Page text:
It looks like more shutdowns are coming, so we are getting prepared. Even if you are super isolated like we are here in Wyoming, grocery stores get out of stock, shipping times get delayed, and we were caught a bit off-guard this spring for the first lockdown, and I’m not going to let that happen again.
So I’m going to show you exactly what we’ve been doing slowly and methodically over the summer and fall to get prepared. Honestly, having a bit of food on hand and being prepared for anything is a great idea, no matter what’s going on in the world.
If you would like a visual tour of our preparedness activities on the homestead, I made a video for this information, too:
Pantry Preparedness: Oils and Fats
Oils and fats are a big one. We have milk cows that give us milk for making our own butter, but it’s never enough for our family of five, so we also keep a five gallon bucket of coconut oil on hand for baking and cooking.
I keep the five gallon bucket of coconut oil in my basement and just bring up a smaller container for my kitchen shelves to cook with in order to save space.
The other fat that I depend on regularly for my cooking and baking is lard. I render my own lard (learn how to render lard here). I ask my butcher to save the leaf fat from our pigs and then we render it down. It’s really cheap to use lard for a cooking fat if you rend it yourself. Even if you don’t raise pigs, you can ask your local butcher for leaf fat (learn how to find local food sources in this article).
Pantry Preparedness: Flour and Yeast
We all dealt with that bizarre flour shortage this spring, and I don’t know if that will happen again, but I don’t want a flour shortage again, so I’m going to be prepared just in case.
I made sure to stock up a few extra bags of all-purpose flour in our basement, but most importantly, I’m going to be relying heavily on my grain mill. I’ve had my grain mill for years, and I was super glad I had it during the spring flour shortage. If you’re new to grain mills, learn how to use a grain mill here.
The benefit to having a grain mill (this is the grain mill I use) is that you can purchase wheat berries (which is just flour before it’s ground up) and you can store wheat berries for many years without it going bad. True Leaf Market carries both hard white (my preference for bread) and hard red wheat berry varieties.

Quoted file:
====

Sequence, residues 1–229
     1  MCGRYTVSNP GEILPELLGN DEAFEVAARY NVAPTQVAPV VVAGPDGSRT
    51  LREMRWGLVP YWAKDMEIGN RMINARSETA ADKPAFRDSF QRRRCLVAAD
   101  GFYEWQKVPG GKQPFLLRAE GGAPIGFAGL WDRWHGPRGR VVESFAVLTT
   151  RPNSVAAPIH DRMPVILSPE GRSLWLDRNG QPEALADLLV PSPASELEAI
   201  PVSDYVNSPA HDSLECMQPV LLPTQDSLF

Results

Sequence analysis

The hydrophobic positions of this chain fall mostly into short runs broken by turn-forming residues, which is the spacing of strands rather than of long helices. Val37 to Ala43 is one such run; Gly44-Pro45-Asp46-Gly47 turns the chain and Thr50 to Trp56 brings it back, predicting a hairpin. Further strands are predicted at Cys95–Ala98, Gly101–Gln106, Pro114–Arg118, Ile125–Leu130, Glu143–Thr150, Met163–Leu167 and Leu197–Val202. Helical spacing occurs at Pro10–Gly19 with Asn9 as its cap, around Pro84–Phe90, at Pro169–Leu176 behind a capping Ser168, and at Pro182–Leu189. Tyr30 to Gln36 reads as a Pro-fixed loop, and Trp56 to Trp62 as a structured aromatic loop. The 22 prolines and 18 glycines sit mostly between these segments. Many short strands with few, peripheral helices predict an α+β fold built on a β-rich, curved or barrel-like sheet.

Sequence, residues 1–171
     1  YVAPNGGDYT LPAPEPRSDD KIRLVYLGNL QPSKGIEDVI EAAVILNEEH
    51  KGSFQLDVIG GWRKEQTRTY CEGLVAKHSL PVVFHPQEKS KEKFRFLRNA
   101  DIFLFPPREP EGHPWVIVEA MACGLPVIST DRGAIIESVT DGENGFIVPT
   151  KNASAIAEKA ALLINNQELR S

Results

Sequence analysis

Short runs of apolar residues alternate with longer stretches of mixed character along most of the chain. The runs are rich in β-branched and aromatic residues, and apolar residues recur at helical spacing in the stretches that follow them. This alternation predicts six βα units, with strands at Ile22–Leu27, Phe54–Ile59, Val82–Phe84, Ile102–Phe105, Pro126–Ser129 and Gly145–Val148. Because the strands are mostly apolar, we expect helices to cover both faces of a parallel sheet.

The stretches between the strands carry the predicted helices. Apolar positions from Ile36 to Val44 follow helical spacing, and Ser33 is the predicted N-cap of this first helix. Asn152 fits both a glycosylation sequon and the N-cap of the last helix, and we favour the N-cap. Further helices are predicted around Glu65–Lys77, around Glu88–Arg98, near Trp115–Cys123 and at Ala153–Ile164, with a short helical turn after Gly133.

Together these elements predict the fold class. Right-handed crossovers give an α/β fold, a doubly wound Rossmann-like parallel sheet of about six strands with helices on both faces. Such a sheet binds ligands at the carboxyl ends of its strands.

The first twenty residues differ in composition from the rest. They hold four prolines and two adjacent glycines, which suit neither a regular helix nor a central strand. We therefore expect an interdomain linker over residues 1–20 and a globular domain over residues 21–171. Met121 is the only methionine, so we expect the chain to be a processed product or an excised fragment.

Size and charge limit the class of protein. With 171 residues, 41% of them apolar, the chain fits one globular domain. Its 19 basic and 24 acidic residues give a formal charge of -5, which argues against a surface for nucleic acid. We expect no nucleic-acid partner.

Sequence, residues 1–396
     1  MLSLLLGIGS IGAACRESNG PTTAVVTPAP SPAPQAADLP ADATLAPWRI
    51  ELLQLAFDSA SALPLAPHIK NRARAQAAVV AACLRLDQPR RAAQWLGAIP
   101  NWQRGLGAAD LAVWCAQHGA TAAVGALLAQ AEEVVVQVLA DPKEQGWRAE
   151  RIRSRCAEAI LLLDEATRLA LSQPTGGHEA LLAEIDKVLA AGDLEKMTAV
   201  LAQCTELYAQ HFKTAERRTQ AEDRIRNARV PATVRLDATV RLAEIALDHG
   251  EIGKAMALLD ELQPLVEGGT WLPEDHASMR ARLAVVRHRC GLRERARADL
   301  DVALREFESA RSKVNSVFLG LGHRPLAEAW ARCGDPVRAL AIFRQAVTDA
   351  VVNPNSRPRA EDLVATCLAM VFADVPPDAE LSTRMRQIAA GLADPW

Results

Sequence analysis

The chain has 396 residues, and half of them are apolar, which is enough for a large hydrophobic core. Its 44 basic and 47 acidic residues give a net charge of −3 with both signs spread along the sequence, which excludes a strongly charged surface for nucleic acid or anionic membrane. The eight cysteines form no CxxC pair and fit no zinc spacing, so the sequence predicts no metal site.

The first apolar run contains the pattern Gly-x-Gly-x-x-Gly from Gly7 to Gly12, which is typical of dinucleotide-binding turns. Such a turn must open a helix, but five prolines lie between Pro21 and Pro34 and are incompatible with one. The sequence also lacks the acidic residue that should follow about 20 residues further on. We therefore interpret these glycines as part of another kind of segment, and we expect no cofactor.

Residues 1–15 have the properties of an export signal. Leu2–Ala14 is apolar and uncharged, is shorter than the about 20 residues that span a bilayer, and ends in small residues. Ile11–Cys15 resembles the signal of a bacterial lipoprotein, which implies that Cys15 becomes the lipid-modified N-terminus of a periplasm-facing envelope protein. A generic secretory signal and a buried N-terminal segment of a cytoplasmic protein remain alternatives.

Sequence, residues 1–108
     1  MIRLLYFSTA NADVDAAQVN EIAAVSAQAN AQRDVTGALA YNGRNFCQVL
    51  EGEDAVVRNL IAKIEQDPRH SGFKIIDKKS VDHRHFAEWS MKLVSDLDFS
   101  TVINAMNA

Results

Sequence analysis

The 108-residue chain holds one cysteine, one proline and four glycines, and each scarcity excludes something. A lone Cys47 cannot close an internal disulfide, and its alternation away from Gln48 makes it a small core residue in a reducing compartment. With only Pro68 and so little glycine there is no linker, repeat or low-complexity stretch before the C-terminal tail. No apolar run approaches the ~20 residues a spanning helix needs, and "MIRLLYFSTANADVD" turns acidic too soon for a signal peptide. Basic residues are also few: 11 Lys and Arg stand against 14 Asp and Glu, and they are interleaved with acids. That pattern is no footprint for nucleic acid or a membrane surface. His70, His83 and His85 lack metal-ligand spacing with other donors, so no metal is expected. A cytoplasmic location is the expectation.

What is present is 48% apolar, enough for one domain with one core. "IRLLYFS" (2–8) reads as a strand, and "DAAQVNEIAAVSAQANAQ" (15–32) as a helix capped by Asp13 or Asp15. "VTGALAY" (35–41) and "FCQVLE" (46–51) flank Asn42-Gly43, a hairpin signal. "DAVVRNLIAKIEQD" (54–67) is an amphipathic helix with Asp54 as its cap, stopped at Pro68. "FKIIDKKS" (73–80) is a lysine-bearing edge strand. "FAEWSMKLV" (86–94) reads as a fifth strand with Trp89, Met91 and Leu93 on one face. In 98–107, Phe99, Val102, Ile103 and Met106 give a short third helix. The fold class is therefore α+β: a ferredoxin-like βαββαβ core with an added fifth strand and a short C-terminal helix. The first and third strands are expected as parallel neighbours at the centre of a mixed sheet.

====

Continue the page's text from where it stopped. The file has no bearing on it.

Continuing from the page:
If you buy a 50 pound bag of wheat berries and store that in your basement or pantry, then you can just pull out a handful at a time whenever you need to make flour in your grain mill.
The downside to this is that a lot of other people had the same idea after this spring’s flour shortage, and now it’s hard to find grain mills across the country, both in stores and online. The grain mill I use has JUST gone back in stock, so you might be able to get a grain mill here.
If you can’t get your hands on a grain mill, you can also try and purchase a grain mill attachment for your kitchen-aid mixer. Or if you have a high-powered blender like a Vitamix or Blendtec, you can use those to grind up smaller amounts of wheat berries.
To prepare for possible yeast shortages, I am making sure that my sourdough starter is active and being used regularly again. I revived my sourdough after letting it rest all summer, just in case yeast is sold out again as well as bread.
Here are a bunch of my articles on sourdough, in case you are interested in making & using a sourdough starter, too (and if there is another yeast shortage and you don’t want to make a sourdough starter, make sure you check out these ideas of making bread without yeast).
- How to Make a Sourdough Starter
- How to Make Sourdough Bread
- Troubleshooting Sourdough (answering common questions about sourdough)
- How to Revive a Sourdough Starter
Pantry Preparedness: Beans
I had a hard time finding dried beans in bulk like I used to, so I’ve been buying smaller packages of dried beans each time I go to the grocery store so that we have a good supply of dried beans in the house.
I prefer to have dried beans instead of canned beans because I know exactly what’s in them, there’s less waste for the dump, and they cook up quick and easy if you use an instant pot. I also try to keep some home-canned beans in stock, too, just to make life easy. Here is my tutorial on how to can dry beans.
Pantry Preparedness: Canned Fruit and Vegetables
My favorite thing that we’ve stocked up on is a giant wall full of home-canned fruits and vegetables. I can food every year no matter what, but this year, I canned more than normal. (And if you would like to learn how to can, check out my Learn How to Can course, where I teach you all the steps to canning with confidence).
Basement Bulk Storage